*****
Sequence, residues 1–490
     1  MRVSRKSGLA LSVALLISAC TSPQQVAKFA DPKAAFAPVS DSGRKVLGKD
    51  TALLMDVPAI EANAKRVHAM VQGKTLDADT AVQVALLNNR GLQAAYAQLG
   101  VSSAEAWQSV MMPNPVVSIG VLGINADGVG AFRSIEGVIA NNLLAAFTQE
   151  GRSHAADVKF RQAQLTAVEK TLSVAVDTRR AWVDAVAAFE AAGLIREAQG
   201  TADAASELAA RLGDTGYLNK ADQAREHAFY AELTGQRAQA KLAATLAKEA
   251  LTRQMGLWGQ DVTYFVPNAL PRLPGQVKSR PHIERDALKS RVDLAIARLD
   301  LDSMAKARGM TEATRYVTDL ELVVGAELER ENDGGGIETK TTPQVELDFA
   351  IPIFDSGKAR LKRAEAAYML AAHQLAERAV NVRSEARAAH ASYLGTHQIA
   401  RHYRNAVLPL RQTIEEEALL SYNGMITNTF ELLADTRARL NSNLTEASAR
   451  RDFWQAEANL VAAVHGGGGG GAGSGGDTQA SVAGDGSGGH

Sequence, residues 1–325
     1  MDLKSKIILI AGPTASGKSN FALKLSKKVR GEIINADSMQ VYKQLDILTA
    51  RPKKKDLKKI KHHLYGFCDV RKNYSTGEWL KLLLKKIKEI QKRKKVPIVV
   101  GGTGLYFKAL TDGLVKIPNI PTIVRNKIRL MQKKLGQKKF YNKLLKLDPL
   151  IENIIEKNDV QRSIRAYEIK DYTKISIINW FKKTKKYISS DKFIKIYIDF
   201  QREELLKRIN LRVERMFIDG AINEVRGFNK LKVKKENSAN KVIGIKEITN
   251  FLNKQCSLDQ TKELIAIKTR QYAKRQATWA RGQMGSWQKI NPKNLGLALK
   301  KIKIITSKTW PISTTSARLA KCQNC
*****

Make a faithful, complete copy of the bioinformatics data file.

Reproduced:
Sequence, residues 1–490
     1  MRVSRKSGLA LSVALLISAC TSPQQVAKFA DPKAAFAPVS DSGRKVLGKD
    51  TALLMDVPAI EANAKRVHAM VQGKTLDADT AVQVALLNNR GLQAAYAQLG
   101  VSSAEAWQSV MMPNPVVSIG VLGINADGVG AFRSIEGVIA NNLLAAFTQE
   151  GRSHAADVKF RQAQLTAVEK TLSVAVDTRR AWVDAVAAFE AAGLIREAQG
   201  TADAASELAA RLGDTGYLNK ADQAREHAFY AELTGQRAQA KLAATLAKEA
   251  LTRQMGLWGQ DVTYFVPNAL PRLPGQVKSR PHIERDALKS RVDLAIARLD
   301  LDSMAKARGM TEATRYVTDL ELVVGAELER ENDGGGIETK TTPQVELDFA
   351  IPIFDSGKAR LKRAEAAYML AAHQLAERAV NVRSEARAAH ASYLGTHQIA
   401  RHYRNAVLPL RQTIEEEALL SYNGMITNTF ELLADTRARL NSNLTEASAR
   451  RDFWQAEANL VAAVHGGGGG GAGSGGDTQA SVAGDGSGGH

Sequence, residues 1–325
     1  MDLKSKIILI AGPTASGKSN FALKLSKKVR GEIINADSMQ VYKQLDILTA
    51  RPKKKDLKKI KHHLYGFCDV RKNYSTGEWL KLLLKKIKEI QKRKKVPIVV
   101  GGTGLYFKAL TDGLVKIPNI PTIVRNKIRL MQKKLGQKKF YNKLLKLDPL
   151  IENIIEKNDV QRSIRAYEIK DYTKISIINW FKKTKKYISS DKFIKIYIDF
   201  QREELLKRIN LRVERMFIDG AINEVRGFNK LKVKKENSAN KVIGIKEITN
   251  FLNKQCSLDQ TKELIAIKTR QYAKRQATWA RGQMGSWQKI NPKNLGLALK
   301  KIKIITSKTW PISTTSARLA KCQNC